Analogue mobile phone base station used as part of the Cellnet mobile phone network, 1980-1985.
Science Museum Group Collection More information

The first calls on the UK mobile network

British engineers developed expertise as ‘radio planners’, mapping the topography as well as the distances as they devised the optimal arrangement for the mobile phone network’s base stations. Too far apart and they would leave holes in the coverage; too close together and the signals would interfere with each other.

The first base stations, large and heavy pieces of kit, were installed in 1984. During a trial period engineers drove around the country making calls to patient volunteers to test the signal strength.

Vodafone launched its network on New Year’s Day, 1985, and Cellnet followed a few days later. 

They each expected to win up to 20,000 subscribers within ten years. To their astonishment, three years later they had over half a million subscribers, and network coverage reached 90 per cent of the population.

Were mobile phones popular?

A strong market for mobile technology drove the development of smaller and cheaper phones until there was one to suit every pocket.

It was teenagers—always cultural innovators—who developed extraordinary dexterity and (OMG!) a whole new language of abbreviations, initials and emoticons in the 1990s, as sending text messages became an integral part of their social interaction.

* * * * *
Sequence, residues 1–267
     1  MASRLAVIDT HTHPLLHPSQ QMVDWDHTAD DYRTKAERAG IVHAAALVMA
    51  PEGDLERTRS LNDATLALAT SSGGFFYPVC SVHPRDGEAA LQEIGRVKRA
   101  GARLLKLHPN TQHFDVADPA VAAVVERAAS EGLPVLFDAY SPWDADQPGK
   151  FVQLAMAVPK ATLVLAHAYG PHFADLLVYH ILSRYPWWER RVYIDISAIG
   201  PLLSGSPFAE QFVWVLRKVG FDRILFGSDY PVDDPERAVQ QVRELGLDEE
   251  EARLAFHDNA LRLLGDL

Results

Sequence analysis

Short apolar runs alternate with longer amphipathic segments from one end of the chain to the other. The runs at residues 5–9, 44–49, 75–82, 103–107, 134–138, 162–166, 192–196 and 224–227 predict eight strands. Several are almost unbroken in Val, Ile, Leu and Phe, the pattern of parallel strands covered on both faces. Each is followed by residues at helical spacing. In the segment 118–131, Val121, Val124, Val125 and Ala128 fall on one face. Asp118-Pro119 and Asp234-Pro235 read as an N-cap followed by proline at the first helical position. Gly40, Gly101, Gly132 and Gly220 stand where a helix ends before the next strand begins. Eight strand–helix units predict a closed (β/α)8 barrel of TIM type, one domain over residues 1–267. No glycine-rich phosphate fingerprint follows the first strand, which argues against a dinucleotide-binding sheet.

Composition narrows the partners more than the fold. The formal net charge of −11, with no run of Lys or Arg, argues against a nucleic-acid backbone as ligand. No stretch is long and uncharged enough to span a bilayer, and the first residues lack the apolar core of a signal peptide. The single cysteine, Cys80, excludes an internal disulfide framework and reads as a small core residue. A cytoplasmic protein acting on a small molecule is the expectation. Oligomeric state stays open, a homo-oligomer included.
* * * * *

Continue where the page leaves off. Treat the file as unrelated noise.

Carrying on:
No one would have been more surprised at this development than the companies who first invested in cellular mobile phone networks, thinking they might have a market among wealthy businesspeople keen to acquire the latest gadget.

Making mobile calling international

Countries besides the UK and USA also developed their own networks, and calls stopped at their borders. Taking their lead from the Nordic countries, which had cooperated to develop networks, a group of European government and industry technocrats came together in 1980 to work towards a common standard.

One of the leading figures was Stephen Temple of the UK’s Department of Trade and Industry (DTI). In 1987 European leaders met in Bonn to sign the agreement that would allow mobile phone users to roam from one country to another, hopping from network to network.

Official UK copy of the Bonn GSM mobile phone agreement, 1987
Science Museum Group Collection More information

What is GSM?

The common standard agreed in 1987 was called GSM. Originally, it was named for the Groupe Spécial Mobile who had thrashed out the terms, but this subsequently changed to Global System for Mobile Communications.

Unlike the first cellular networks, which had used analogue signals, GSM systems would transmit digitally: they were known as ‘second generation’ or 2G systems.

They would initially use a single radio frequency band, 900 MHz, across Europe, ensuring that users could pick up a signal wherever they were. They would include provision for SMS (short message service, or texting), and would have increased security features.

It wasn’t long before other countries made the decision to adopt the GSM standard, which was a great improvement on what was available in the US.

Nine out of ten people in the world today are now within reach of a terrestrial GSM network. But the rise of smartphone technology has changed the communication landscape again—what will the next mobile revolution look like?